Storms that blew through northwest Kansas on May 8 resulted in serious damage to public and private property.

The state of Kansas is seeking a federal emergency declaration, and if successful, Ellis County likely will have enough damage to qualify for local funds, Ellis County Emergency Management Director Bill Ring said at Monday’s Ellis County Commission meeting.

“For us to be involved, we have to have exceeded our threshold, which is $101,000 (in damages),” Ring said. “We have far exceeded that threshold.”

Rural electric cooperatives are bearing the brunt of the damage, with Midwest Energy alone reporting at least 75 downed electric poles and numerous damaged transmission lines, Ring said.

The county is in the process of figuring other related costs, such as overtime for emergency responders.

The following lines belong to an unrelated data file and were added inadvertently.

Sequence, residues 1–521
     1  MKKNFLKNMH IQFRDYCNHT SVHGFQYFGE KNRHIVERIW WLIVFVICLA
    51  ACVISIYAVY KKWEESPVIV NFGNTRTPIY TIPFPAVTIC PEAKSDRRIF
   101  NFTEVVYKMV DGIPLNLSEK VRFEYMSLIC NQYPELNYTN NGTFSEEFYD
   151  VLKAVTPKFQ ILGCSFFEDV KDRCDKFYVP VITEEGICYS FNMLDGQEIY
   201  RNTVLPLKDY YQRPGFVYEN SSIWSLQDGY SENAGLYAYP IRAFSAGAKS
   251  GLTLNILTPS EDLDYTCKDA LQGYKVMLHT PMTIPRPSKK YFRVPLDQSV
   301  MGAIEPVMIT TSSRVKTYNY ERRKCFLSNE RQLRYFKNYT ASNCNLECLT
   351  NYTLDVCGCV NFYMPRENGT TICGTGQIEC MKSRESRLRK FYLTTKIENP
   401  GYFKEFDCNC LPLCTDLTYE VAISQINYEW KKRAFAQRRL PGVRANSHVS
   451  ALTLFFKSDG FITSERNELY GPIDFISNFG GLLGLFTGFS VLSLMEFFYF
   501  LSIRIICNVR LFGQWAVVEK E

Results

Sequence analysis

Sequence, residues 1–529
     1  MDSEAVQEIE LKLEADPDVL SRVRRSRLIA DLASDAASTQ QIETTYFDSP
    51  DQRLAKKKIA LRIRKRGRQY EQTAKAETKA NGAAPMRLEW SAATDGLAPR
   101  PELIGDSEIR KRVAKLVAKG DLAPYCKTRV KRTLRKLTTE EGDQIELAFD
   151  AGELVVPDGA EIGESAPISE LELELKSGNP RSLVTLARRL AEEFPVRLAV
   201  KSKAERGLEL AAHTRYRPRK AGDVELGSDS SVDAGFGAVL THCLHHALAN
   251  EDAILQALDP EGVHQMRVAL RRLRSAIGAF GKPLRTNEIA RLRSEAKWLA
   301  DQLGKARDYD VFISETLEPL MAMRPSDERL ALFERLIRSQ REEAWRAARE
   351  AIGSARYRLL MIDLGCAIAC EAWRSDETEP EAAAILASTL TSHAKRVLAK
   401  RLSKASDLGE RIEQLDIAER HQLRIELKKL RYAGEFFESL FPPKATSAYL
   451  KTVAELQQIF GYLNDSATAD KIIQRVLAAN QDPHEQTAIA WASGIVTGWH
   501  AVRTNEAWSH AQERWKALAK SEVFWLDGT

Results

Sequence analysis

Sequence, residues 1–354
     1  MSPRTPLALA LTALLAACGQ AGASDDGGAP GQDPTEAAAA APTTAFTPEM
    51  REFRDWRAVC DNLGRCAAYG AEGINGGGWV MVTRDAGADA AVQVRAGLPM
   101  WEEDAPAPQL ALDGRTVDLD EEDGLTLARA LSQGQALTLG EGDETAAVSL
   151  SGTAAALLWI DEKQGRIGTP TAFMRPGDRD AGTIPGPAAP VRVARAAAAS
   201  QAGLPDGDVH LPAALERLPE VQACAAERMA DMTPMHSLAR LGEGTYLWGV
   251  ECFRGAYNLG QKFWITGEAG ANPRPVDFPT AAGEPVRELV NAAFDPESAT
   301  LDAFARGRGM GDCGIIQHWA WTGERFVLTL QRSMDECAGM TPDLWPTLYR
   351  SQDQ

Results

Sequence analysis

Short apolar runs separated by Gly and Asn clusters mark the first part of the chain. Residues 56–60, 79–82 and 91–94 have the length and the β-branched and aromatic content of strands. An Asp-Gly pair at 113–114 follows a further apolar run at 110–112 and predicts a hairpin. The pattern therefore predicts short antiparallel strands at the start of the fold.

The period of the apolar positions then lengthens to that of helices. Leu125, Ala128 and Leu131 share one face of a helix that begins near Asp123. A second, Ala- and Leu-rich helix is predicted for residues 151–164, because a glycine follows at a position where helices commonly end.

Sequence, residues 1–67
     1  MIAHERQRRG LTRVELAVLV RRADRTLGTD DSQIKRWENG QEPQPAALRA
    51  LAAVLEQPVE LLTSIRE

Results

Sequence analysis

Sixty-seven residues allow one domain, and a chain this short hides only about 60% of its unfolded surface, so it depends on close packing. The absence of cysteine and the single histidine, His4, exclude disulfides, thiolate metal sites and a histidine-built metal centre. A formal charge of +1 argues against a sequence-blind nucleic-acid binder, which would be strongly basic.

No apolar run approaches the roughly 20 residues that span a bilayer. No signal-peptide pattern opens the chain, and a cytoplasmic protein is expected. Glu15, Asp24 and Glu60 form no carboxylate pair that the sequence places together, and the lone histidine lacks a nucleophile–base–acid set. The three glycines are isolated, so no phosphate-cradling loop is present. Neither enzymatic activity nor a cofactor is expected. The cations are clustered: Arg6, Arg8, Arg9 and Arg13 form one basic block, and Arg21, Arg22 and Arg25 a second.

A confirmed tornado north of Catharine on May 8 was rated at EF-2 for winds of at least 125 mph. That storm destroyed a metal building that was both a private residence and barn near the intersection of 320th Avenue and Riverview Road 8 miles north of Catharine.

Another barn on Saline River Road in the same area also sustained serious damage.

A second tornado was reported north of Ellis, but was rated as an EF-0 because no damage was reported. Winds gusts, however, were as high as 80 mph, Ring said.

“During this whole night, we had no injuries,” Ring said.

“That’s the best we can hope for.”

The city of Hays was in a tornado warning at one point, and sirens also were sounded in Schoenchen and Antonino as the storm system moved through. Severe thunderstorm warnings affected other parts of the county.

Ring expressed gratitude to first responders and emergency personnel who helped coordinate storm response throughout the event.

“It got intense for awhile,” he said. “I do appreciate that backup for the county in trying to keep things in line.”